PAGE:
A relatively important role in the stoichiometry of the formed complexes is in the pH value. At the beginning of the experiment the pH of humic sols is ~7. This value gradually decreased with the titration of humic sol by copper(II) ions. The white columns in Figure 2 show the value of pH at equilibrium of the reaction between copper and humic acid. While the pH decreases only slightly for the lowest concentration of humic acid, more concentrated humic sols (>0.5 gdm−3) maintained a pH level approximately equal to 5 at equilibrium. Experiments with ion exchange resins of different types showed that the maximum content of labile copper complexes (~30%) is at a pH bellow 5 and the portion of soluble nonlabile complexes increases with increasing pH [31]. The lower pH values in equilibrium support the decrease in amount of bonded copper for concentrated humic sols.

The ultrasound velocity, attenuation, and density of the used humic sols were measured in order to study conformational changes in the humic acid in solution and their influence on copper complexation. Figure 3 shows the changes in velocity and compressibility of variously concentrated humic sols. It can be seen that the measured ultrasound velocity is higher in comparison with water in the reference cell as expected, and it depends on the humic concentration. The minimum of was observed for humic content of 1 gdm−3, which is considered as the important concentration, due to the conformation of humic acids [57]. The ultrasonic velocity is determined by the elasticity and the density of the measured sample. Generally, the elastic response, which is extremely sensitive to molecular organization and intermolecular interactions, is dominant. We measured the density of the humic sols and the concentration dependence was strongly linear. The obtained equation is (gdm−3); . Therefore, the observed minimum must be the result of sample elasticity.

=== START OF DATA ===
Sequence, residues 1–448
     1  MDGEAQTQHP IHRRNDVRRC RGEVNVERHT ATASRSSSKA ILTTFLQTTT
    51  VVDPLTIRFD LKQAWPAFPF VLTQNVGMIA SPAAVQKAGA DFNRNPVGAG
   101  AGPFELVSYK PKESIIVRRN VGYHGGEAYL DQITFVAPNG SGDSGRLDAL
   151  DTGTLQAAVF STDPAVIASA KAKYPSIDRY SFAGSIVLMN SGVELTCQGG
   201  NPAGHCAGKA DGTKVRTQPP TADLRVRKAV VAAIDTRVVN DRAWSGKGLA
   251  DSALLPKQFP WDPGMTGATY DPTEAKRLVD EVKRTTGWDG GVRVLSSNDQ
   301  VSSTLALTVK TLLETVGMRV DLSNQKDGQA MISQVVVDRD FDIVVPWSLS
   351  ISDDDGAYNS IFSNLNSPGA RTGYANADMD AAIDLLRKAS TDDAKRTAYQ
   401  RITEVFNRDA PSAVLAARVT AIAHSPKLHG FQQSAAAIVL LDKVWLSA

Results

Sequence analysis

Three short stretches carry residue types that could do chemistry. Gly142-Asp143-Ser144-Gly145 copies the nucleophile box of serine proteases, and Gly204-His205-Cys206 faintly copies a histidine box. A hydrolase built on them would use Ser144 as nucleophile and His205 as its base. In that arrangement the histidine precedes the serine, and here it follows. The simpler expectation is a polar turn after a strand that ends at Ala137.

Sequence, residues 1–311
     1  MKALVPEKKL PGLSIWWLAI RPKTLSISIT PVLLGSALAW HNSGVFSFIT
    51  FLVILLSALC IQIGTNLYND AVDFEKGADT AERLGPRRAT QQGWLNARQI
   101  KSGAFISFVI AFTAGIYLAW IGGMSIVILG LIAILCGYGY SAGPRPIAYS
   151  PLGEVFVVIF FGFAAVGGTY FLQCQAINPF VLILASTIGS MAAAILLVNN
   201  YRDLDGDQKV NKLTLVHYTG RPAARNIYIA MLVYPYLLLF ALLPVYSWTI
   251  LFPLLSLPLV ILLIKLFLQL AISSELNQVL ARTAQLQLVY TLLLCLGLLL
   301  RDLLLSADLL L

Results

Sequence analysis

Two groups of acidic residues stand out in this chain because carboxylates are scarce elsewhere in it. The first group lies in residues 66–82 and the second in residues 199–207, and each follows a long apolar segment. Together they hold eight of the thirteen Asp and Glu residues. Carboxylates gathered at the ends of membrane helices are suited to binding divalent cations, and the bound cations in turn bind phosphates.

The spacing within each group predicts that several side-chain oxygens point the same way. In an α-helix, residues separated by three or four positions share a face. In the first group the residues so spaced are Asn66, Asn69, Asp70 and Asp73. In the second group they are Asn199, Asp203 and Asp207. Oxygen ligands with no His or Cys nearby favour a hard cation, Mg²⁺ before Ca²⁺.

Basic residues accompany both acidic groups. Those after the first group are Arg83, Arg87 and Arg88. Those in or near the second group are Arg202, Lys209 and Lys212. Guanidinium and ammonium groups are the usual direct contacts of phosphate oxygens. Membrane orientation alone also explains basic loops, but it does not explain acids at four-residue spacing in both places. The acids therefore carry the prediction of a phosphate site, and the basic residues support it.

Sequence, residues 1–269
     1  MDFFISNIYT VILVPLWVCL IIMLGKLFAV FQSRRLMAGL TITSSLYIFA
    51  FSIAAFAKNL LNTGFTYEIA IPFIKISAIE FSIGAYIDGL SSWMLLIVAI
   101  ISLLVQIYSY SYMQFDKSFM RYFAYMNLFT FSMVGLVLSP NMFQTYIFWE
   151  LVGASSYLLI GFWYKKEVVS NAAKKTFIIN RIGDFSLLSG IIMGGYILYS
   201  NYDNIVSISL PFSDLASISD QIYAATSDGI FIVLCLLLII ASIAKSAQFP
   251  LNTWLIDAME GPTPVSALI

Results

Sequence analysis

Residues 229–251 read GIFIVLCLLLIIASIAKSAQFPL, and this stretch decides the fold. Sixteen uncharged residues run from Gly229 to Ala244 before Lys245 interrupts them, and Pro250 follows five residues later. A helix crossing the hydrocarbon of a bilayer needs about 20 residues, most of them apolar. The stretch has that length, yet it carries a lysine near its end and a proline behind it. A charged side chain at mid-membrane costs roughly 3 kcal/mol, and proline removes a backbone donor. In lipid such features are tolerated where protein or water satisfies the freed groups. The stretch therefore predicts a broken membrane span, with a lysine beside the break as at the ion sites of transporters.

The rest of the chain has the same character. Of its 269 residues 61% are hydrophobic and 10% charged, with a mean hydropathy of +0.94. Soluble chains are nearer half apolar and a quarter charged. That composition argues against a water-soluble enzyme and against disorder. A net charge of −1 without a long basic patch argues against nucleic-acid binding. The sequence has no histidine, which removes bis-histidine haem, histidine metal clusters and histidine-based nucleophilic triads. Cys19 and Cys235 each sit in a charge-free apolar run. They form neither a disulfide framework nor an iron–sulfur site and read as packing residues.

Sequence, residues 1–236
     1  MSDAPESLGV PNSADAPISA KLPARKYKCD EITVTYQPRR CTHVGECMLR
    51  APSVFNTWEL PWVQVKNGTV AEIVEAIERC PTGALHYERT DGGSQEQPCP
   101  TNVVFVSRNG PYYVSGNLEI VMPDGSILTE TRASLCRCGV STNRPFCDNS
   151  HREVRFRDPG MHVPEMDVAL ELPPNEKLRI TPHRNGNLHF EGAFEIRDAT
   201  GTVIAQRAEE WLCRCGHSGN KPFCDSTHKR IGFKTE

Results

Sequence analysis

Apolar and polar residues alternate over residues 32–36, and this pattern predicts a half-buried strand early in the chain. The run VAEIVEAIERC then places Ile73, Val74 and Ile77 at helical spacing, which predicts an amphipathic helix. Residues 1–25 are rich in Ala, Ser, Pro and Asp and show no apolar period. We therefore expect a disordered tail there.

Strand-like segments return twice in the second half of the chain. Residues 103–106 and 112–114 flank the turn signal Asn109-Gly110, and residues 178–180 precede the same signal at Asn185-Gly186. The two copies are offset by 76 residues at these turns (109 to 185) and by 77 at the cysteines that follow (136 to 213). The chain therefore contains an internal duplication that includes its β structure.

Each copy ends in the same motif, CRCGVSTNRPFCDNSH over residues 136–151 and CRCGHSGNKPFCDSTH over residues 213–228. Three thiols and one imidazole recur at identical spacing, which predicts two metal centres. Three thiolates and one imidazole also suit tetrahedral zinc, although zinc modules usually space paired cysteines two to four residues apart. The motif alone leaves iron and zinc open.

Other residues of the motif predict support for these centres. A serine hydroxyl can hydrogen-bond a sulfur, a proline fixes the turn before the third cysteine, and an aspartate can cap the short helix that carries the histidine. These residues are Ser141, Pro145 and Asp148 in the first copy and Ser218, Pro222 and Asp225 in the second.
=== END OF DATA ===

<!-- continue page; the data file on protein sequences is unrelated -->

Figure 3: The change of ultrasound velocity (black columns) and compressibility (white columns) in dependence of concentration of humic acid.

The compressibility of humic sols as shown in Figure 3 was computed according to the following equation [32]: where is compressibility, is density, and is the ultrasound velocity of humic sol in cell 1. The compressibility in Figure 3 is normalized to water (the computed value is divided by the compressibility of water). The obtained values of compressibility are comparable to humic content up to 1 gdm−3, and then they decrease with increasing concentration. This confirms that the organization of humic particles in diluted and concentrated humic sols is different. The decrease in compressibility shows the forming of more rigid structures which can cause the decrease in humic binding ability.